I was having a soy latte with my friends at Green Lake—Peg, Tom, Mary Mc, and Smokey. I was telling them of a wonderful NOVA program I’d seen about dogs. “There’s this woman in the Netherlands whose dog recognizes hundreds of names.” I looked at Smokey. “How many does he have?”
“Two,” Tom said. “His name and…” He leaned over and whispered, “Squirrel.”
Smokey jumped up, eyes alert, ears at attention, and barked.
When my husband was little his parents spelled out “ice cream.” Little Dick soon learned what that meant. So Vi started using b-e-a-n-s to represent a treat. Didn’t take long before little Dick let them know, “I like b-n-s.” Busted.
I’m thinking of all those codes we use when we speak. When my eldest son was a teenager, “It’s okay,” meant he really liked it. My daughter’s, “I’m fine,” meant leave me alone. Bill’s was “I’ll handle it.” Doug just raised his hand, “Butt out.” Didn’t take a lot of talking to get the message across. We were a rather quiet family and had few arguments. I wondered about those families that talked and talked. I hoped their arguing was a way to say I care, just as our silences spoke loudly of our respect and trust.
While reading Roddy Doyle’s book The Snapper, I constantly felt anger at how the father spoke to his daughter. Nothing but put-downs and insults. And then, in the very end of the book he made a tiny gesture and I burst into tears. He loved her! And she knew it. Their language was that of their working-class Irish, a hard way of speaking that had grown out of centuries of hardscrabble living. For me, it was like visiting a foreign country.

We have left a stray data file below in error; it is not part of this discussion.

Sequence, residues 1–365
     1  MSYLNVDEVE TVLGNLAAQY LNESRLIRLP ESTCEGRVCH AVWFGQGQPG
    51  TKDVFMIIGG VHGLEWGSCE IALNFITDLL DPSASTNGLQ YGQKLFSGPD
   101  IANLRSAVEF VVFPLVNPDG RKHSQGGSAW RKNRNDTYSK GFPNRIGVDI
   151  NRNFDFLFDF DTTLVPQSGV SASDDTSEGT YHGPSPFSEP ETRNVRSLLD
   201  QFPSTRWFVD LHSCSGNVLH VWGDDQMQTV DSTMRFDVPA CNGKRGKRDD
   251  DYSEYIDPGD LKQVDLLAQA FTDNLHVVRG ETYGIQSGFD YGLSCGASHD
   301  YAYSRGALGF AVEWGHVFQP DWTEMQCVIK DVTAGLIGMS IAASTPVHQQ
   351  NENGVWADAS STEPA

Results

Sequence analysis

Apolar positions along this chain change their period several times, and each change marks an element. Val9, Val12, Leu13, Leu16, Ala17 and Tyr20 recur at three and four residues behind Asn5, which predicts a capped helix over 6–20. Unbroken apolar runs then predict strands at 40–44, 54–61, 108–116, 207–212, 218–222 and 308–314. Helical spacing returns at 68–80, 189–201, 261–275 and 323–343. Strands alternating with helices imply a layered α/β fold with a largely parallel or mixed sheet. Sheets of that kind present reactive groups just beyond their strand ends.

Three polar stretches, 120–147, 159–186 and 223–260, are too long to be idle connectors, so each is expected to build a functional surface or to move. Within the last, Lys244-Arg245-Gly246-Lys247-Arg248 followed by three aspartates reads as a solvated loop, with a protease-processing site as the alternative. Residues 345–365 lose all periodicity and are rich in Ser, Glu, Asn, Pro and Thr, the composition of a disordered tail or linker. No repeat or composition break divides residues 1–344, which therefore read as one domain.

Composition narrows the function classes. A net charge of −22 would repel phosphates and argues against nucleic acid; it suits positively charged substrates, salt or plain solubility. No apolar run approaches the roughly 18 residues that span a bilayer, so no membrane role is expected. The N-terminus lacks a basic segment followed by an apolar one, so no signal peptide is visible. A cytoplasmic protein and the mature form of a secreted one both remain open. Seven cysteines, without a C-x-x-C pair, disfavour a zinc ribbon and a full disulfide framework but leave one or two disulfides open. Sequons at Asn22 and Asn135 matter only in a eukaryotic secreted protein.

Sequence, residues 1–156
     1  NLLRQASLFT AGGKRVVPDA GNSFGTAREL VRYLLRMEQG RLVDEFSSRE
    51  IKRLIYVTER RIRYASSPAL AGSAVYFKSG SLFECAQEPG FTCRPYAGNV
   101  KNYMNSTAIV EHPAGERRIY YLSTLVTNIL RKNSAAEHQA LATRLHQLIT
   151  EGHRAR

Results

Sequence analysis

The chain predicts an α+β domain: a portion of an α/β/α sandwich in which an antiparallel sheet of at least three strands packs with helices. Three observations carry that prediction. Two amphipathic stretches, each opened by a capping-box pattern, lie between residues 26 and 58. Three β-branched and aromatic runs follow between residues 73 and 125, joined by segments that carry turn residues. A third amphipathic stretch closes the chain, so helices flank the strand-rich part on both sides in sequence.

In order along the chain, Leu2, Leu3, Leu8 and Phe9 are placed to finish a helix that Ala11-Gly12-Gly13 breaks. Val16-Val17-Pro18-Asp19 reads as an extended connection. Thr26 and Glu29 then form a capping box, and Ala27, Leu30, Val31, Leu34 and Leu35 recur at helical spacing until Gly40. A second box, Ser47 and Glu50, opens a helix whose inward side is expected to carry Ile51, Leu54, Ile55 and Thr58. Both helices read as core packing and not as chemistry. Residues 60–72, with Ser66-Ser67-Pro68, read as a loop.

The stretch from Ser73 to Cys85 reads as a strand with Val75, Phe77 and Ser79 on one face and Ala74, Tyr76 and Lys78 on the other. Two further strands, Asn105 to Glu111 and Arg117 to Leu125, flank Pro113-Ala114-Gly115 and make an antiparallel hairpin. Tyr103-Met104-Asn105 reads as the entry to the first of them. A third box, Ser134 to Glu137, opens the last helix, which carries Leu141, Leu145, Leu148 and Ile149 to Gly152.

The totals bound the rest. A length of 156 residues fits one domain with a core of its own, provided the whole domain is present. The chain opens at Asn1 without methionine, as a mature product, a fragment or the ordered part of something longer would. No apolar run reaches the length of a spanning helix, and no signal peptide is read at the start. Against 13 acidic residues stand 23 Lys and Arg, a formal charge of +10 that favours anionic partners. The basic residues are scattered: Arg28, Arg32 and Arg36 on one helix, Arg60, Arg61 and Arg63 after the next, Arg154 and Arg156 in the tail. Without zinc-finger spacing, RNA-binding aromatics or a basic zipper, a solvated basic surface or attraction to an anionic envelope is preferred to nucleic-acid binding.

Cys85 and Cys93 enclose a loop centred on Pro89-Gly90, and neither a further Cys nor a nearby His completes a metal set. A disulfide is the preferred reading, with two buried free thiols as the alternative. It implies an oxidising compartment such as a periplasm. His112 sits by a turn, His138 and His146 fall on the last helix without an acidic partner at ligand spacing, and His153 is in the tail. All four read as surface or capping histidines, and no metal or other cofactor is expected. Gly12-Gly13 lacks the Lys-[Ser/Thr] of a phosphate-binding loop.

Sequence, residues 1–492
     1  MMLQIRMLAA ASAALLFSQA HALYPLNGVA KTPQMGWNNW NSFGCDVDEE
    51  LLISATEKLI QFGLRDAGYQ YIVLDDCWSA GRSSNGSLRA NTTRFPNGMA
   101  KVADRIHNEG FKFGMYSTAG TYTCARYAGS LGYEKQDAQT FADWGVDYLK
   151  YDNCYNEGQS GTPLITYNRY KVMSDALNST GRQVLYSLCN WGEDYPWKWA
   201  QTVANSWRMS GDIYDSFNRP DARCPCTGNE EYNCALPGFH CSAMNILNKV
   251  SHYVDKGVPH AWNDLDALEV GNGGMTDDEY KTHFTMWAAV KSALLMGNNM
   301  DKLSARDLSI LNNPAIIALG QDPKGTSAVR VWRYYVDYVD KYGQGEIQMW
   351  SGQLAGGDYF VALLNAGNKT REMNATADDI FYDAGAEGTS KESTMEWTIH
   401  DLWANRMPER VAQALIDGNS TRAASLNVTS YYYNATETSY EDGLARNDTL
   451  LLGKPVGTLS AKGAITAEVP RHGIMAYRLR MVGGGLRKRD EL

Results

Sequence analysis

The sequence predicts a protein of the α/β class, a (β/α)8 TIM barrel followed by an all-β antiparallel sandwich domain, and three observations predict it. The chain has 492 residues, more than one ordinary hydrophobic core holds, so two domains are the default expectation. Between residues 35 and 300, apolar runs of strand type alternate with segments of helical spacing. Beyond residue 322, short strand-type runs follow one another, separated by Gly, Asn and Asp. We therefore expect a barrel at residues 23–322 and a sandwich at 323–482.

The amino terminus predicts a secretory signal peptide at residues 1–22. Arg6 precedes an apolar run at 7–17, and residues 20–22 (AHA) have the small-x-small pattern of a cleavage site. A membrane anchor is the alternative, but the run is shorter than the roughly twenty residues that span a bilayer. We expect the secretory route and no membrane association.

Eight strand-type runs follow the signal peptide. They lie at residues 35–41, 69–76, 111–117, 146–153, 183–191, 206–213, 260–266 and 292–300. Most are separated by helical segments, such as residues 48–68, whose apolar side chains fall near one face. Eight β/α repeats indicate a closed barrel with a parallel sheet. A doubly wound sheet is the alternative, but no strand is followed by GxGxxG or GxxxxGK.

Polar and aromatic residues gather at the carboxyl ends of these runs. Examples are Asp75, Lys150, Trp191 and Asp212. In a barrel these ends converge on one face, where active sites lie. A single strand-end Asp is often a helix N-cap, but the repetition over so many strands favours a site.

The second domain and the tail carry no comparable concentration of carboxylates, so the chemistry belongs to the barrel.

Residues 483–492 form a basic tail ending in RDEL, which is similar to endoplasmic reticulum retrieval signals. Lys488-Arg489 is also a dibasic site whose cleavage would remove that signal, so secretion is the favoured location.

Then while reading Major Pettigrew’s Last Stand by Helen Simonson, I came across this on page 296. “You are not the first man to miss a woman’s more subtle communications,” said the Major. “They think they are waving when we see only the calm sea, and pretty soon everybody drowns.” Ah yes, subtle communications.
I started out writing this blog hoping to find some way for us all to understand each other, have a kind of dictionary like those English/French ones. Eliminate all the misunderstandings. But then I thought of how boring and shallow our conversations would be. Better to let us all have our codes and spend our lives figuring them out. Does keep us busy and allows for all kinds of misunderstandings, which will lead to long conversations filled with all manner of explanations. Let’s just keep talking.